Wouldn’t it be great if mermaids really did exist? One of my favourite films growing up was Disney’s ‘The Little Mermaid’ and the idea of floating around in a fantastical, underwater kingdom and basking on exotic shores has probably contributed to my usual choice of travel destination. Keep your mountains and deserts – take me to the coast! Plus they had some pretty serious tropical tune-age going on down there under the sea. But I’m certainly not the first to be inspired by the idea of beautiful creatures floating around in the depths, the idea of mermaids and sea nymphs have captured the imagination of writers and artists since way back when.
From the Greeks sending Odysseus and his crew to face the captivating Sirens luring sailors to death on the rocks to the creation of the famous Weeki Wachee Springs mermaid show where synchronised swimmers perform carefully choreographed routines in tanks at the Florida campground, mermaid lore has survived the centuries. In fact, one of Copenhagen’s most famous attractions is the bronze statue of Hans Christian Andersen’s little mermaid, who gave up life under the sea for the love of a prince (who was totally oblivious to her attentions even though she saved his life – she’d have been much better off crying it all out into her fried seaweed before splashing her way off to some gorgeous South Pacific island to wash that man right out of her hair).
Well, the most recent artist to play out his mermaid fantasies is photographer Benjamin Von Wong who decided to take to Bali, the paradise island of the gods, and set up a shoot off shore in the vicinity of a 50-year-old, sunken shipwreck, 25 metres (82 feet) beneath the waves with a couple of beautiful models. But Von Wong didn’t just want to photo-shop in the girls and what self-respecting mermaid’s going to don an unflattering SCUBA mask? Turns out these models weren’t just your average stunners but professional free-divers – practically honorary mermaids – with the ability to hold their breath for several minutes at a time without batting an eye.
Nora Li, a Jakarta free-diving record holder, has the amazing ability to dive to depths of 36 metres and hold her breath for 3 minutes 36 seconds and was keen to be involved in the project. Von Wong also enlisted English rose, Camilla Argent, a lady capable of diving to 36 metres and holding her breath for an astonishing 4 minutes and 40 seconds. For a girl like me who’s trademark swim move is ‘the turtle’, I can only imagine the skill and nerves of steel these women must possess when diving unaided 25 METRES (I feel capitals are justified here as my mind is officially blown) below into the unpredictable currents of the Indonesian ocean.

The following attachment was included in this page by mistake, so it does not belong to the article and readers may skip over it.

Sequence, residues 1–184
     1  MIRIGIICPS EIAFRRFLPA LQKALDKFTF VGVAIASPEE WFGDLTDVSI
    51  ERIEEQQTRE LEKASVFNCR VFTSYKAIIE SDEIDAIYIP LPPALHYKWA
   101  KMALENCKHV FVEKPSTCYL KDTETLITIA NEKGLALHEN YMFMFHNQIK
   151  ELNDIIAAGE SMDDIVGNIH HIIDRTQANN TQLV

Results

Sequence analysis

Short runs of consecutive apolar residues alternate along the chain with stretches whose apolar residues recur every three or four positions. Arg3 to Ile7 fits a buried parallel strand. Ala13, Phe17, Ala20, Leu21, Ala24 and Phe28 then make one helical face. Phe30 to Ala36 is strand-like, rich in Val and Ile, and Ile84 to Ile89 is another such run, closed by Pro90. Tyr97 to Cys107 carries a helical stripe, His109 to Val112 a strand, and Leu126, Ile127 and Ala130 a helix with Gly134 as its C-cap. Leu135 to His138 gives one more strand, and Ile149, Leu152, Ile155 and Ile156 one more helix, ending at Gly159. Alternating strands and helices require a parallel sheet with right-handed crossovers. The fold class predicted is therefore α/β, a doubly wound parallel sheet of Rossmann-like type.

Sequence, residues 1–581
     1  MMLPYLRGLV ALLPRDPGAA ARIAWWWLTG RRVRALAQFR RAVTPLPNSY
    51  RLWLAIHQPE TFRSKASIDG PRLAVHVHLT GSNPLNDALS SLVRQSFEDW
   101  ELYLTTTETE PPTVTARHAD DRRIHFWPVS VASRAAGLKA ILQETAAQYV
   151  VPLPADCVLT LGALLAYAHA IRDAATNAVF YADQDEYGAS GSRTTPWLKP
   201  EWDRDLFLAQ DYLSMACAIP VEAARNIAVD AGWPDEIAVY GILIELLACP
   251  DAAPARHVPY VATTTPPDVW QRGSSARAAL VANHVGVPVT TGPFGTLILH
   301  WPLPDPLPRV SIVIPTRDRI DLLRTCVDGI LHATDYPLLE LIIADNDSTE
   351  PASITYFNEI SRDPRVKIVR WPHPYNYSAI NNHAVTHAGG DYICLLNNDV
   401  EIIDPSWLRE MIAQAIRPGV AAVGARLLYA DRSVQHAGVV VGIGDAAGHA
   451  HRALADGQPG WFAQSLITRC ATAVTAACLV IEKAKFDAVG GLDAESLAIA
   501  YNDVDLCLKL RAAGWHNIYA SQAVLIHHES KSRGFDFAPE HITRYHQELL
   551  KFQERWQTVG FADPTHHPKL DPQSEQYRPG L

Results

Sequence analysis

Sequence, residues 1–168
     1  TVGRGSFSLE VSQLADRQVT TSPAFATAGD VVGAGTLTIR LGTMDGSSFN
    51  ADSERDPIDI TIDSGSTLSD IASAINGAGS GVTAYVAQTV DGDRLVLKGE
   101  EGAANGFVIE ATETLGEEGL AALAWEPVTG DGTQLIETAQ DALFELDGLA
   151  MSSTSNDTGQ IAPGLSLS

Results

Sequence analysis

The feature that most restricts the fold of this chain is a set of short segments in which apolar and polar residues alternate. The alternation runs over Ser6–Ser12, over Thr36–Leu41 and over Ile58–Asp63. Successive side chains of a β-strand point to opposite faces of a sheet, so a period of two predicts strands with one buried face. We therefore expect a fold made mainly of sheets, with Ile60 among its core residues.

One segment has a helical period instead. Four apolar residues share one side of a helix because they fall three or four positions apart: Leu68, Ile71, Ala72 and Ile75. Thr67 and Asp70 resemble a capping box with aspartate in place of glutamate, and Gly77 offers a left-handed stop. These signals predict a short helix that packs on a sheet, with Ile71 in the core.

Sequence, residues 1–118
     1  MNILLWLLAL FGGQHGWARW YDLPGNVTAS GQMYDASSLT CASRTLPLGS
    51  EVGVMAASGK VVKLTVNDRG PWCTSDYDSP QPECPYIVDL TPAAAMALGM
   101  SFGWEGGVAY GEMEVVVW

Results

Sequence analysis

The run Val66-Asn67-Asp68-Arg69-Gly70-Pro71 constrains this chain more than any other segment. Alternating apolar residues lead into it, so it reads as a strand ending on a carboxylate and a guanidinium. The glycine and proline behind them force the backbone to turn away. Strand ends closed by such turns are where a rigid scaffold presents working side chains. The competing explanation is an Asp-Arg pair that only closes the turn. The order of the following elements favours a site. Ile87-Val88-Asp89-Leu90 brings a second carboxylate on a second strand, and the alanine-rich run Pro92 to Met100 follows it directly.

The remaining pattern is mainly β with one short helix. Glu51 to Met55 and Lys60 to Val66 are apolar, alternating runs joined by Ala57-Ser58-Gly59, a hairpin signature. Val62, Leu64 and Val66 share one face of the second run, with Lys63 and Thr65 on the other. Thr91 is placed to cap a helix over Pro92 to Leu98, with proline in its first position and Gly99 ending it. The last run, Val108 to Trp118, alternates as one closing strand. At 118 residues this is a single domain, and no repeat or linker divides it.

Accompanied by a crack team of 7 safety divers equipped to rush to the rescue and provide air at timed intervals, the fearless women donned ethereal gowns donated by international designer Ali Charisma – a generous donation indeed as the merciless seawater was bound to ruin the garments – and struck their most graceful poses, all whimsical fabrics and floating tresses. How cool, calm and collected they look despite being at times literally tied to parts of the shipwreck to hold them in place against the buffeting tide.
With a lack of studio lighting, Von Wong had to rely on a combination of nature and camera strobes in order to get that perfect picture and the results deliver an atmospheric snapshot into a fairy tale, underwater kingdom that just about makes me believe in magic. And mermaids.
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